National Award for Tulip Grove Teacher
Thursday, December 4, 2008
As Shannon Landefeld sat down for Thanksgiving dinner with extended family last week, she was still reeling from news that made her thankful indeed this year.
Last month, the elementary school teacher received the Milken Educator Award, one of the nation's most prestigious education honors. It is made sweeter because its recipients are not told that they have been nominated until word arrives that they have won the award and its $25,000 prize.
Landefeld is one of two Maryland teachers and 80 educators nationwide selected this year for the Milken award, the somewhat mysterious prize presented annually to outstanding teachers by the Milken Family Foundation. The other Maryland recipient is Christian Slattery, a vocal music teacher at Hall's Cross Roads Elementary in Aberdeen.
There is much Landefeld still does not know about the award. She does not know who put her name forward for consideration. Nor does she know how, exactly, the foundation went about examining her credentials, nor what it was about her teaching style that convinced the national group she should win.
Landefeld, 31, who started teaching fourth grade this year after nine years in first-grade classrooms, insists that what she does every day in her classroom is no different from the work of many of her colleagues at Tulip Grove Elementary School in Bowie.
"It comes a lot from my connection with my kids," she said. "They know we have our serious times to work, but it should be enjoyable along the way."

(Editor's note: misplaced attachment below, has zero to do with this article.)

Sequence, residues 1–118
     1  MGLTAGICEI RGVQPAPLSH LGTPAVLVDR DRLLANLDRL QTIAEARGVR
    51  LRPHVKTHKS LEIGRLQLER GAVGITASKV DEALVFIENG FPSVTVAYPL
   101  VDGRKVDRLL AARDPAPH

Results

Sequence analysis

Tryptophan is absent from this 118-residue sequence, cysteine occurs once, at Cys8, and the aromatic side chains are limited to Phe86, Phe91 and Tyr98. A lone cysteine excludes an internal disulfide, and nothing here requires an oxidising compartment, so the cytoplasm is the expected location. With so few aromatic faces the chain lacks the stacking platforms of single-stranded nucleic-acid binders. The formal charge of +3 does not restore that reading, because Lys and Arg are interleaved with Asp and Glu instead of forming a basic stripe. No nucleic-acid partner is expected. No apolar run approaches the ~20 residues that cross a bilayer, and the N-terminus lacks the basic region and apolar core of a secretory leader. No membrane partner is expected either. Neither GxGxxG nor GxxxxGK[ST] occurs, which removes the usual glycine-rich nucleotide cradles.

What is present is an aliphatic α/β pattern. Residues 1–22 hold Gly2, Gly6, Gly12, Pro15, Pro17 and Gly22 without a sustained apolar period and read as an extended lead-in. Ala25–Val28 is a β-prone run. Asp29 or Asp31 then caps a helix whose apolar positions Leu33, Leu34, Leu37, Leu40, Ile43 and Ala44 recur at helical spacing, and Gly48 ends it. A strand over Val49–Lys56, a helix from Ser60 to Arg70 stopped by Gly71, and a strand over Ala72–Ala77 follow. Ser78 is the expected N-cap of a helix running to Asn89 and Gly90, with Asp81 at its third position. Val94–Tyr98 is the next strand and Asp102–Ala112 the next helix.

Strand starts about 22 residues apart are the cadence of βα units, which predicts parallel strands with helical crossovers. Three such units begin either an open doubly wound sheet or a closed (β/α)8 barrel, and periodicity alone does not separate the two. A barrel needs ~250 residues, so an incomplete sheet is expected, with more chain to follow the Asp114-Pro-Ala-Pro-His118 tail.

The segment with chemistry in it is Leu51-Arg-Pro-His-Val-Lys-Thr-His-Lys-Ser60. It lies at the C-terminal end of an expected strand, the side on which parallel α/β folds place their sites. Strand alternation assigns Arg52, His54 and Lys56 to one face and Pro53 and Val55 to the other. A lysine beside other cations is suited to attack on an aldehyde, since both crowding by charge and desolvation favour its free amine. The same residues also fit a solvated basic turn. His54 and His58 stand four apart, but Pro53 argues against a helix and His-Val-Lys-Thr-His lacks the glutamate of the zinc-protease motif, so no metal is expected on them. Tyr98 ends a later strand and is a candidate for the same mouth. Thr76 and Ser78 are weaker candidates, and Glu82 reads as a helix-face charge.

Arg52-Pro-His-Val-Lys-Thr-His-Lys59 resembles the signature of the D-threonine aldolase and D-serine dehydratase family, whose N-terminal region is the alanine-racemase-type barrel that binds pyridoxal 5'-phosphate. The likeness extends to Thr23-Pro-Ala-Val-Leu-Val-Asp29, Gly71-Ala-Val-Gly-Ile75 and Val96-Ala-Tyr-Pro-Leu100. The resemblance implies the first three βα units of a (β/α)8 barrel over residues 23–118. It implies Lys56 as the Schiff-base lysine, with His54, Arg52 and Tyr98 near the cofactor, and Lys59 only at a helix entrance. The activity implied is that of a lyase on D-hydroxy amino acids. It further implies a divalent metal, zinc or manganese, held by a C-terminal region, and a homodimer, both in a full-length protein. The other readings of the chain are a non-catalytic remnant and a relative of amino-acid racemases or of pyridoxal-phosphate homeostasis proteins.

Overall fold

Landefeld said she incorporates rigor into her lesson planning while keeping things fun for the students, trying to take advantage of their curiosity about the world around them.
Others in the Prince George's County school system have been quick to point out ways Landefeld excels. Her honor has been embraced by colleagues, in part because her career has been deeply rooted in the 130,000-student district.
Landefeld, a Maryland native who lives in Crofton, began her teaching career at Patuxent Elementary School in Upper Marlboro, following the example of her mother, Barbara Landefeld, who spent 24 years as a teacher in the system and the past 14 years as an administrator.
Shannon Landefeld said she decided at an early age to become a teacher after watching the joy her mother received from her students. She said she can remember visiting her mother's lively classroom as a child, on days when she was off from school for doctor's appointments.
"She had tons of animals in her classroom," Landefeld said. "It was like a science museum. She had plants growing and salamanders and a little pond with frogs in it. It really still is an inspiration."
One purpose of the Milken awards, given to teachers since 1985, is to inspire young people to enter the teaching profession. The cash prize comes with no strings attached, and the presentation of the award is made more exciting because school leaders plot for surprise.